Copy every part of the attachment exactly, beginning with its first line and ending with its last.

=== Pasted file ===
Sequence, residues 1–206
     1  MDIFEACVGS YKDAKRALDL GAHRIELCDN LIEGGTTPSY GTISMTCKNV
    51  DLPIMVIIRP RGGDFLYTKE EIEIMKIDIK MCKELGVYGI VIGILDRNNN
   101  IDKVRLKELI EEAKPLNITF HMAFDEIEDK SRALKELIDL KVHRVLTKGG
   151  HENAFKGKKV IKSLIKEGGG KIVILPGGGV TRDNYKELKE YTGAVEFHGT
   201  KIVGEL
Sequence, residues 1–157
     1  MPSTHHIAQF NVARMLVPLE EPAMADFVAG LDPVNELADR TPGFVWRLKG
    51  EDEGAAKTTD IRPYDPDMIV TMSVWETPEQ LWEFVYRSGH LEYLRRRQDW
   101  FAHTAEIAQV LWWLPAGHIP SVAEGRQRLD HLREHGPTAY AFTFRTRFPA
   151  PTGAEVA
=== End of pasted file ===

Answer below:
Sequence, residues 1–206
     1  MDIFEACVGS YKDAKRALDL GAHRIELCDN LIEGGTTPSY GTISMTCKNV
    51  DLPIMVIIRP RGGDFLYTKE EIEIMKIDIK MCKELGVYGI VIGILDRNNN
   101  IDKVRLKELI EEAKPLNITF HMAFDEIEDK SRALKELIDL KVHRVLTKGG
   151  HENAFKGKKV IKSLIKEGGG KIVILPGGGV TRDNYKELKE YTGAVEFHGT
   201  KIVGEL
Sequence, residues 1–157
     1  MPSTHHIAQF NVARMLVPLE EPAMADFVAG LDPVNELADR TPGFVWRLKG
    51  EDEGAAKTTD IRPYDPDMIV TMSVWETPEQ LWEFVYRSGH LEYLRRRQDW
   101  FAHTAEIAQV LWWLPAGHIP SVAEGRQRLD HLREHGPTAY AFTFRTRFPA
   151  PTGAEVA